“Eating the body of Christ, and drinking his blood, was too much. My own prejudices rose in me … I had no particular affection for this figure named “Jesus,” no echo of childhood friendly feeling for the guy with the beard and the robes. If I had ever suspected that there was such a force as ‘God’… I hadn’t bothered to name it, much less eat it, for crying out loud. I certainly had never (equated) this force with a particular Palestinian Jew from Nazareth. So why did communion move me? Why did I feel as if I were being entered and taken over, completely stirred up by someone whose name I’d only spoken before as a casual expletive?
“I couldn’t reconcile the experience with anything I knew or had been told. But neither could I go away: For some inexplicable reason, I wanted that bread again … I wanted it all the next day after my first communion, and the next week, and the next. It was a sensation as urgent as physical hunger, pulling me back to the table at St. Gregory’s through my fear and confusion.” (60)
As Sara continued feeling pulled to the physical meal of bread and wine, she began trying to make spiritual sense of it. Here’s how she tried to make sense of the wine.
“The wine was sticky and sweet: pale gold, not at all red, but it warmed my throat as I swallowed and then passed the cup to the person next to me. “The blood of Christ,” I’d repeat, in turn. Yet obviously it wasn’t blood: It was Angelica fortified wine, alcohol 18 percent, from a green screw-top bottle, as I saw once when I peeked in the church kitchen. It was no different in its basic chemical makeup from the zinfandel I’d drink with my brother in between bites of a nice hanger steak. So, then, was it a symbol? Did the actual wine symbolically represent the imagined blood? No, because when I opened my mouth and swallowed, everything changed. It was real.
“I went around and around like this, humiliated by my inability to articulate, even to myself, the nature of what was happening. It seemed as crazy as saying I had eaten a magic potion that could make me fly …
“This went on for a while—me going to St. Gregory’s, taking the bread and bursting into tears, drinking the wine and crying some more. It was inexplicable.” (61) Of this tumultuous period, Sara says: “All that grounded me were those pieces of bread. I was feeling my way toward a theology, beginning with what I had taken in my mouth and working out from there.” (70)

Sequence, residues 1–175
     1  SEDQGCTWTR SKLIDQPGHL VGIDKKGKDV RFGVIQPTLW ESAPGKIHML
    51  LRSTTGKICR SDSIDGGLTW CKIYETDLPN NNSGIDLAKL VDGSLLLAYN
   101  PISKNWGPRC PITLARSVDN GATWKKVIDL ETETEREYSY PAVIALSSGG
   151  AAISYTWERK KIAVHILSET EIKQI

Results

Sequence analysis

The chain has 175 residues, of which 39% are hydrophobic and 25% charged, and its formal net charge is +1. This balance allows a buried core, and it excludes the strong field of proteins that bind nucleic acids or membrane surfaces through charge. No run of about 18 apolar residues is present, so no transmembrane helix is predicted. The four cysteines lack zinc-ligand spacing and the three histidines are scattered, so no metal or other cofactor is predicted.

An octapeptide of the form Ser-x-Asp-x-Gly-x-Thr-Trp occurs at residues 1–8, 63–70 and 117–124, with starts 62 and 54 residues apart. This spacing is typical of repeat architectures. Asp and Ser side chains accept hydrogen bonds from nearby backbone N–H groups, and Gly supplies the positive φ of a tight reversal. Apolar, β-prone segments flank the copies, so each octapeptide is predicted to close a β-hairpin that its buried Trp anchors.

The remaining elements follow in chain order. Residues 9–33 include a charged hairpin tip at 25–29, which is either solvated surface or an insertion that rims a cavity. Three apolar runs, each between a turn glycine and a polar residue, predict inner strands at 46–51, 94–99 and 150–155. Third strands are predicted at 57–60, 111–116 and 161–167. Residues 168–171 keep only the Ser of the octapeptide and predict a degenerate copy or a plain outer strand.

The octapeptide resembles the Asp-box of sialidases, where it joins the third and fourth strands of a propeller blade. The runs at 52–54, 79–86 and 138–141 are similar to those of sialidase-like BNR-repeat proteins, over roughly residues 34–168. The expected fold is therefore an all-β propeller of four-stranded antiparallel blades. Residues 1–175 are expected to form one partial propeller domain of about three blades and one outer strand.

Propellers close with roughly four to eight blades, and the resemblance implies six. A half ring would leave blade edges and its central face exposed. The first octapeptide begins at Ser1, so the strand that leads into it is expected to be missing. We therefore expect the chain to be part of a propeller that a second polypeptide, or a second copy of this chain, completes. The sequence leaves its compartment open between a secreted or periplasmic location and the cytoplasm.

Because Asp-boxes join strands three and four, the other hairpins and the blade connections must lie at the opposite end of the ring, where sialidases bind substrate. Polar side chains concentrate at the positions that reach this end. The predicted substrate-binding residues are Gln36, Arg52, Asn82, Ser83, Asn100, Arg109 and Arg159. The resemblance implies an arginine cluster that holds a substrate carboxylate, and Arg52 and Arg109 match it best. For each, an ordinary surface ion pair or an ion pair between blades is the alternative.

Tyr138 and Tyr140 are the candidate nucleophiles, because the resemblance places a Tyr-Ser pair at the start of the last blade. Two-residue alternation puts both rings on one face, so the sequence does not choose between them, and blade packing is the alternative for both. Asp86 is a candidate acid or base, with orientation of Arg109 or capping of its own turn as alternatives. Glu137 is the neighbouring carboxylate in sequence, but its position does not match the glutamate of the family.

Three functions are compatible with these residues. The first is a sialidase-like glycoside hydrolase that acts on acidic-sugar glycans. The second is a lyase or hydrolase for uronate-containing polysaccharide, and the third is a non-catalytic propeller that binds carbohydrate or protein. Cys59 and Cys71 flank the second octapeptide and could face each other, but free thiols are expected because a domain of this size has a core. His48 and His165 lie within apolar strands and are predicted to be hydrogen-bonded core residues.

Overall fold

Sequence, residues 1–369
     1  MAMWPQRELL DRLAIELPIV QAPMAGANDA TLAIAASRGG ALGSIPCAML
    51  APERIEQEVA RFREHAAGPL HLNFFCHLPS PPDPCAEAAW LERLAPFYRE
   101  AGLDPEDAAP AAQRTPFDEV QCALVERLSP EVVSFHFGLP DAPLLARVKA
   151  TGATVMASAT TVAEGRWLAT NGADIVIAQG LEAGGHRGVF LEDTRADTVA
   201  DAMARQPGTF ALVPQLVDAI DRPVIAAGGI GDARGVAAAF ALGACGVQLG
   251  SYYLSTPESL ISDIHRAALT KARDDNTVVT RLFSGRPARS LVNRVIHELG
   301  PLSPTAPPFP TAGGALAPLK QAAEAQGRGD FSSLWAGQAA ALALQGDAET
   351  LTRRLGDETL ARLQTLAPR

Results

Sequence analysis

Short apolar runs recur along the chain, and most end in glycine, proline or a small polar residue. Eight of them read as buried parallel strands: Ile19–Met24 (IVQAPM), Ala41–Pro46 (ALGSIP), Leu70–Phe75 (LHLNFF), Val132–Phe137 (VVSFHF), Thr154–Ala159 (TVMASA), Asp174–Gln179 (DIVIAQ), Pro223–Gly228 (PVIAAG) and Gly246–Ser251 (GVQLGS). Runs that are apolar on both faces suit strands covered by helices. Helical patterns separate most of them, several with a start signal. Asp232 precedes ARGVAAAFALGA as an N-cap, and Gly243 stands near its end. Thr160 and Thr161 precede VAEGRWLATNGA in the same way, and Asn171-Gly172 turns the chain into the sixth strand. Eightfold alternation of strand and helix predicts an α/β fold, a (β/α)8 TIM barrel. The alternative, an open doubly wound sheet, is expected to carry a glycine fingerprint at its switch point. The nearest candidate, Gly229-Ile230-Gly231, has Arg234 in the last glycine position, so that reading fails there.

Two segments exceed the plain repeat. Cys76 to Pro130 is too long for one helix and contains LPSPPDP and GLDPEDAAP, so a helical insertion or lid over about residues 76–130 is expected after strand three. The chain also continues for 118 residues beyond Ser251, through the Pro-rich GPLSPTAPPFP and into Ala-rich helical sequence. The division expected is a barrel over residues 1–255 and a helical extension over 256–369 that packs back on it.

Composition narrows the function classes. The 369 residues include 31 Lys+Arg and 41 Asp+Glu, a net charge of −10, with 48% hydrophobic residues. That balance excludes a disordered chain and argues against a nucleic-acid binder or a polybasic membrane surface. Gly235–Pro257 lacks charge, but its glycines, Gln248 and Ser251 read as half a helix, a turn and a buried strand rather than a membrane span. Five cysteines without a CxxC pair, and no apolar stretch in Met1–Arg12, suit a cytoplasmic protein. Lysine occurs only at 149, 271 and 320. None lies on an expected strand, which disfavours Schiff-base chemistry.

That’s what Jesus was doing in today’s Gospel lesson—beginning with what the people had taken into their mouths and working out from there.
Where are you in the process of working out your theology of communion? What deeper spiritual truths do the bread and juice teach you? How does this meal feed you? What does it tell you about God? About Jesus? About community? About yourself?
Having trouble answering these questions? That’s okay. We’ll get another chance to continue working out our theologies in just a minute when we once again receive the bread and juice. Once again—Who knows how?–Christ will become known to us in the breaking of bread. Thanks be to God!
In the name of our God, who creates us, redeems us, sustains us, and hopes for our wholeness. Amen.
Kimberleigh Buchanan © 2012
Miles, Sara. Take this Bread: The Spiritual Memoir of a Twenty-First Century Christian. (A Radical Conversion) New York: Ballantine Books, 2007.
So when the crowd saw that neither Jesus nor his disciples were there, they themselves got into the boats and went to Capernaum looking for Jesus.25When they found him on the other side of the sea, they said to him, “Rabbi, when did you come here?”26Jesus answered them, “Very truly, I tell you, you are looking for me, not because you saw signs, but because you ate your fill of the loaves.27Do not work for the food that perishes, but for the food that endures for eternal life, which the Son of Man will give you. For it is on him that God the Father has set his seal.”
28Then they said to him, “What must we do to perform the works of God?”29Jesus answered them, “This is the work of God, that you believe in him whom he has sent.”30So they said to him, “What sign are you going to give us then, so that we may see it and believe you? What work are you performing?31Our ancestors ate the manna in the wilderness; as it is written, ‘He gave them bread from heaven to eat.’”32Then Jesus said to them, “Very truly, I tell you, it was not Moses who gave you the bread from heaven, but it is my Father who gives you the true bread from heaven.33For the bread of God is that which comes down from heaven and gives life to the world.”34They said to him, “Sir, give us this bread always.”35Jesus said to them, “I am the bread of life. Whoever comes to me will never be hungry, and whoever believes in me will never be thirsty